October 5, 2022

Great Indian Mutiny

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Leaderboard breakdown at the 2022 US Open: Colin Morikawa and John Ram take the lead as Rory McIlroy holds

Leaderboard breakdown at the 2022 US Open: Colin Morikawa and John Ram take the lead as Rory McIlroy holds

History was always made this week in Brooklyn, Massachusetts. This was inevitable. However, the Boston faithful couldn’t have imagined a better leaderboard as the 2022 US Open weekend approaches. While defending champion John Ram and four-time winner Rory McIlroy battle hard to sit down with just one stroke of the lead, the name The one at the top has the potential to produce an amazing moment that comes on Sunday.

That name belongs to Colin Morikawa, who launched the 4-under 66 on Friday to reach the 5-under championship and lead the joint lead alongside Joel Dahmin. 25-year-old Morikawa appears to have been on television for the past decade, but in fact, this week’s US Open marks his eleventh major appearance in his career.

In his previous 10 starts like this, Morikawa had amazing accomplishments including winning his first PGA Championship appearance and another in his Open Championship debut last summer at Royal St. George. The once-in-a-lifetime start of your career can be made even more memorable by winning at The Country Club.

Three major wins in 11 games would be unprecedented given the depth of talent in golf – for reference: Jordan Spieth needed 19 games to get his three games – and being able to win these majors in three very different settings would make the whole thing the most impressive feat. Make no mistake, though: Morikawa battles on the last 36 holes with names like McIlroy, Ram and world number one Scotty Scheffler, all at a screaming distance.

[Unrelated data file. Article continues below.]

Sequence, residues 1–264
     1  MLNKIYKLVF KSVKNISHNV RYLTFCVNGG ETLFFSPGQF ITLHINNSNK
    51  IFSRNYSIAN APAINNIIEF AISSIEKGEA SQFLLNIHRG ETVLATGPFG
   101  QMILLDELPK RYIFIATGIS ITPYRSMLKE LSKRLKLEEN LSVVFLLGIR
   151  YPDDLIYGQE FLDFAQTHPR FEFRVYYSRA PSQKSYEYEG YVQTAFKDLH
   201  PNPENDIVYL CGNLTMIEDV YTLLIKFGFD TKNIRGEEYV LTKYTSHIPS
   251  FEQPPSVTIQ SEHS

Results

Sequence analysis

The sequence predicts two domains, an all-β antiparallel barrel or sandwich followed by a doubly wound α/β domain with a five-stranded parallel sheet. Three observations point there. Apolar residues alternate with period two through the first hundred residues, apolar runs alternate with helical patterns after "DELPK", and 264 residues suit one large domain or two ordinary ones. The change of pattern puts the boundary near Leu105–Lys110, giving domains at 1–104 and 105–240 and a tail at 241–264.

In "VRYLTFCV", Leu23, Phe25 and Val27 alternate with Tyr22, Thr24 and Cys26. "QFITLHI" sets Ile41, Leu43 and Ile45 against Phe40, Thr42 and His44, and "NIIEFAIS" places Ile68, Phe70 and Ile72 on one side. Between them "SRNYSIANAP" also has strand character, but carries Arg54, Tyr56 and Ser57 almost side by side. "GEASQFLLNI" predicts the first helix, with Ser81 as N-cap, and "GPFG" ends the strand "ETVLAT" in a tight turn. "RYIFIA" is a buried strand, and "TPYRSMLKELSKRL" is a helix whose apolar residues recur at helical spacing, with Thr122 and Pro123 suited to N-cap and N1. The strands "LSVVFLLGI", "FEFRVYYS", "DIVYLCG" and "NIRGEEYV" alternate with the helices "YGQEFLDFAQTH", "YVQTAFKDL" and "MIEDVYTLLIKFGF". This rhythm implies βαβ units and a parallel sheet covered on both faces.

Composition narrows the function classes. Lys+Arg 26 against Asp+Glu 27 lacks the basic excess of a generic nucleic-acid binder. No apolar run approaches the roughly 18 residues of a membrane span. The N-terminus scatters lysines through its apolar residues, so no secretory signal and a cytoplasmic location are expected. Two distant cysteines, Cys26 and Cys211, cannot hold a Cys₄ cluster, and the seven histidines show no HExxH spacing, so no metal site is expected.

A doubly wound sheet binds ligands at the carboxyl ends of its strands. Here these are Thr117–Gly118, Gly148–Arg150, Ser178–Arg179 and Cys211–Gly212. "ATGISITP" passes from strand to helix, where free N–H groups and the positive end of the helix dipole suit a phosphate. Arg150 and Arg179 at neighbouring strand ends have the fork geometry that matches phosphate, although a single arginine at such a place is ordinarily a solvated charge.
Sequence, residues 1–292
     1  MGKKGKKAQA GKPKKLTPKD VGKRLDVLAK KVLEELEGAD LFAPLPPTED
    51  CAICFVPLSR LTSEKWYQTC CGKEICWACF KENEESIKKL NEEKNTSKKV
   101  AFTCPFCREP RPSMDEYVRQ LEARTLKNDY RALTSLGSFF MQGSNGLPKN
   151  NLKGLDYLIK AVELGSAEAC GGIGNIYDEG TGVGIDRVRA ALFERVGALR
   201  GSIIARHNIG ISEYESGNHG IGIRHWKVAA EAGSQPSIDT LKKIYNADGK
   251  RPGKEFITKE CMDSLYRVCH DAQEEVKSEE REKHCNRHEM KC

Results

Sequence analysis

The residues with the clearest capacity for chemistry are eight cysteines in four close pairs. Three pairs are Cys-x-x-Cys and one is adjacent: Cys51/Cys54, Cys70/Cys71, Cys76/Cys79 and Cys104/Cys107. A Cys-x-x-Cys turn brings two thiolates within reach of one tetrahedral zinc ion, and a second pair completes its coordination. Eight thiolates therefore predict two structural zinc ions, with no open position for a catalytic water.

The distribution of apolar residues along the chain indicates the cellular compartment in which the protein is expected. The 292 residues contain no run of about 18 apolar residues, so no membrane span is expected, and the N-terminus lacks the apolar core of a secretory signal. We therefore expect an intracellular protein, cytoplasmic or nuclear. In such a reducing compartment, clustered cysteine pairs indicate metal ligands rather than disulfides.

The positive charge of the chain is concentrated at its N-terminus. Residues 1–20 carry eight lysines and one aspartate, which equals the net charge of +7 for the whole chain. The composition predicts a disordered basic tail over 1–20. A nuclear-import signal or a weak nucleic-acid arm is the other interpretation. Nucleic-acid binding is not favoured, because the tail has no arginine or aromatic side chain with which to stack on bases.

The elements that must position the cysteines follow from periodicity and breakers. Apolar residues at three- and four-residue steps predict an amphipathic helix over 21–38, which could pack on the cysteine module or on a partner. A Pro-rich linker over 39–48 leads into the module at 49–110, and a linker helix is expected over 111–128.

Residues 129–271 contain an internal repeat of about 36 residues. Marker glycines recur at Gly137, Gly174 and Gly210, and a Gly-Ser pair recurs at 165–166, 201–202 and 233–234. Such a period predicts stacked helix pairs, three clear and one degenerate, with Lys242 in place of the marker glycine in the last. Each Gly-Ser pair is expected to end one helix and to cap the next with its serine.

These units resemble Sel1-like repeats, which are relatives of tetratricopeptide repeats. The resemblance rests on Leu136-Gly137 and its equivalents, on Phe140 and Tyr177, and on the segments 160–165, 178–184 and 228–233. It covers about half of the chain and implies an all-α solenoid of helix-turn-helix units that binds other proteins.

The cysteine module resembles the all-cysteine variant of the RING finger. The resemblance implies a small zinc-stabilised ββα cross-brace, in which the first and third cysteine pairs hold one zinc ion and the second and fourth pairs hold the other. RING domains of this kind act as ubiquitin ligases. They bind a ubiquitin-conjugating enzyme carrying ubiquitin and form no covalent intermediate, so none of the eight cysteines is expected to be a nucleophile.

While this won’t be the case for his last two victories, Morikawa has yet to lead by 36 holes in his main career – add that to his list of accomplishments – and some may continue to doubt his status or his inexplicable lack of confidence in his iron game, History suggests Morikawa will be fine.

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T1. Colin Morikawa and Joel Dahmin (-5): Last year, Morikawa could not detect the grass in Scotland. He went on to win the Open Championship. This year, he’s unable to hit his patented fade with his iron. Lo and behold, he’s right in the mix for his third major title. Not only will he continue his impressive pace on golf’s biggest stage, but with a win, Morikawa will be the Masters’ win far from completing a Grand Slam. While the iron was good, not great, it made its mark with its performance on the greens. He’s lost strokes with his racket at every start since the Masters, and so far this week at The Country Club, he’s gained more than three flat stick strokes.

T3. John Ram, Rory McIlroy, Aaron Wise, Hayden Buckley and Beau Hausler (-4): Ram played alongside Morikawa for the first two days and probably overshadowed him. However, the defending champion is in an enviable position and has a fantastic opportunity to follow in Brooks Koepka’s footsteps by winning back-to-back US Championships. It’s no surprise that Ram leads the field in kicks from a tee because he is the best in the world in this division by a large margin; However, the improvement he has shown around the green this week has the potential to propel him to another big victory.